None of this makes any _sense_.  I believe you are just trolls from a
  community that has no future and then you attack the closest competitor
  you think you can annoy into supporting you.

| Funnily enough I know this.  The point of my making this remark is that
| this is *exactly* the tactic that has been used against myself for some
| time, and is now being used against Andreas in, for example, Alain's
| message.

  You still have not figured out that there is a difference between people
  who made up their mind to be outsiders and those who have not.  Please do.

| Whether particular things are good or bad should be decided on the basis
| of logic, not on the basis of argument from authority.

  What kind of idiot _are_ you?  Geez, do you even _believe_ this crap?
  Good and bad _are_ arguments from authority, you annoying little shit.
  If you think logic helps, consider this: The premises on which you base
  your "logic" eventually turn into arguments from authority, no matter
  where you start.  Why is this?  Good and bad do not exist in nature.
  There is no absolute test for goodness or badness out there that is
  independent of people.  Do you think there is, Bruce Hoult?  Do you think
  if you research long enough, you will find elemental particles of good
  and bad that can form the basis of a logic that all people can agree on?

  Good and bad are the results of people who want to live together.  This
  means they _have_ an authority higher than themselves which they accept.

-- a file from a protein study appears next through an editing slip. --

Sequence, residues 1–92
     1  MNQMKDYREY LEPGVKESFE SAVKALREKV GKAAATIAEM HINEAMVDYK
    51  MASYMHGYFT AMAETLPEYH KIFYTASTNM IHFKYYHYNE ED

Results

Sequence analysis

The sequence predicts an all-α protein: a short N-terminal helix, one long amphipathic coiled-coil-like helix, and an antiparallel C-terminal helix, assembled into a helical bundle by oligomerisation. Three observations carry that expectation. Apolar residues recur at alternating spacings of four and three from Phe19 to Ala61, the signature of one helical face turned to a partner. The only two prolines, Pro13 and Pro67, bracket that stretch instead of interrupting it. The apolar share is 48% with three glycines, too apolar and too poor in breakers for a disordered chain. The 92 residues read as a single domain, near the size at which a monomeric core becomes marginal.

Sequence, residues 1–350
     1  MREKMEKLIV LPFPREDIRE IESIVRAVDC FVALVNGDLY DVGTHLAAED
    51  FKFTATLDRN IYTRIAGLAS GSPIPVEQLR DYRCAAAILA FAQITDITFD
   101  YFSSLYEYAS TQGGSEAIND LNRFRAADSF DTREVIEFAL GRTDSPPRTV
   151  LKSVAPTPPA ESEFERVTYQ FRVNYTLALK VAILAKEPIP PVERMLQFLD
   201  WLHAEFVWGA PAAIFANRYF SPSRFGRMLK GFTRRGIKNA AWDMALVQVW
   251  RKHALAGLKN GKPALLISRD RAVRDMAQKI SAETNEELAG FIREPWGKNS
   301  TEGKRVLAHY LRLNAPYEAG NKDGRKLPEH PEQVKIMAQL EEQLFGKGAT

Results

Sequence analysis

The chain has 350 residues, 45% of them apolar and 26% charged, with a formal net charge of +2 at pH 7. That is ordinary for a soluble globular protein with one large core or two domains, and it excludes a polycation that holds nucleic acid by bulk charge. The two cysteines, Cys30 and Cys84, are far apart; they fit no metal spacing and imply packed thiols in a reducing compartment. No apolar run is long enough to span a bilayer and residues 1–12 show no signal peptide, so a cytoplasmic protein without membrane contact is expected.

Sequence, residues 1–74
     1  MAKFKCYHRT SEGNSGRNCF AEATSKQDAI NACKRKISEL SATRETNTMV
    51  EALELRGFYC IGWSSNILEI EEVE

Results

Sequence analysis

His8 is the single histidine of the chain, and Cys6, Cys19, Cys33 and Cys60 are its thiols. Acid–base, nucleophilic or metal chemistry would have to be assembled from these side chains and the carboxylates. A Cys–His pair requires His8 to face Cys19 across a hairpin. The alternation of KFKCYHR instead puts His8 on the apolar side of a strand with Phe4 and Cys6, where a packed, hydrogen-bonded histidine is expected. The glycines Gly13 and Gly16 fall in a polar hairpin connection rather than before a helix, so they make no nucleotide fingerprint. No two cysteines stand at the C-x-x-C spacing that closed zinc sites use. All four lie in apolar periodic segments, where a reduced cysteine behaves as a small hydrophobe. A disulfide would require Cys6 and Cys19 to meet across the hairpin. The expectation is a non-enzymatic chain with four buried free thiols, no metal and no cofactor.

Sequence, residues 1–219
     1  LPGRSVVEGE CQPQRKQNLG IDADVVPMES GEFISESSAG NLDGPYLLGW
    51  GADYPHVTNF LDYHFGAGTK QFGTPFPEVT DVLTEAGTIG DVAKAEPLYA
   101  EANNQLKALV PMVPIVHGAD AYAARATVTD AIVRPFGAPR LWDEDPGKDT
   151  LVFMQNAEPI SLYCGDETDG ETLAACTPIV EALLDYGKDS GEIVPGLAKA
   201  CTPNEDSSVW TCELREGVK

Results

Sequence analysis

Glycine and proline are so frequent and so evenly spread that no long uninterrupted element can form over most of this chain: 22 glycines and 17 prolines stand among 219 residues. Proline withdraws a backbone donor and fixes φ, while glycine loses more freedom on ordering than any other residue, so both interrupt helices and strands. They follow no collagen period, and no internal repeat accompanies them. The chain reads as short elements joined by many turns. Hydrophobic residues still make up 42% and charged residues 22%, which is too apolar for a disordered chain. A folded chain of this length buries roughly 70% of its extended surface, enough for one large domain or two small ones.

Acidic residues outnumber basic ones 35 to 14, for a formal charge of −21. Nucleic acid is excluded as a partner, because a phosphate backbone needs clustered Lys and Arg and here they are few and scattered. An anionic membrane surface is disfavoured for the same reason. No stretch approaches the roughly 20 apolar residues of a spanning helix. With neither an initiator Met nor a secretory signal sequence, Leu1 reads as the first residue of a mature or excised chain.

It can be some funny deity or it can be the fuzzy "community" or it can
  be a set of law and lots of strange things, but people happen to agree on
  what good and bad should be considered in _reference_ to.  A standard of
  ethics, in the non-technical meaning of "standard" _is_ an authority.
  Those who reject it are considered _bad_guys_ in that community.  We have
  a standard for a language that we accept and those who keep quibbling
  over it and when there is no possible way it could ever stop, because
  there is no possible way to change what they keep carping about for no
  good reason are _bad_guys_ to this community.

| Of course that  becomes difficult when you explicitly reject logic, as
| Erik just did.  I  don't know what that leaves, other than tradition and
| accident.

  I just rejected logic?  I reject logic as the proper means to resolve
  ethical problems.  Does that mean I reject _logic_?  You really _are_
  quite insane.  If someone says I should use classical mechanics to learn
  to drive a car, and I think this is inappropriate even though there are
  many elements of mechanics (including the pun) in driving cars, do I
  reject classical mechanics?  Or do I reject its _application_?

  For someone who thinks logic is so great a univeral problem-solver, you
  sure have a funny way of arriving at _your_ conclusions.

  The past is not more important than the future, despite what your culture
  has taught you.  Your future observations, conclusions, and beliefs are
  more important to you than those in your past ever will be.  The world is
  changing so fast the balance between the past and the future has shifted.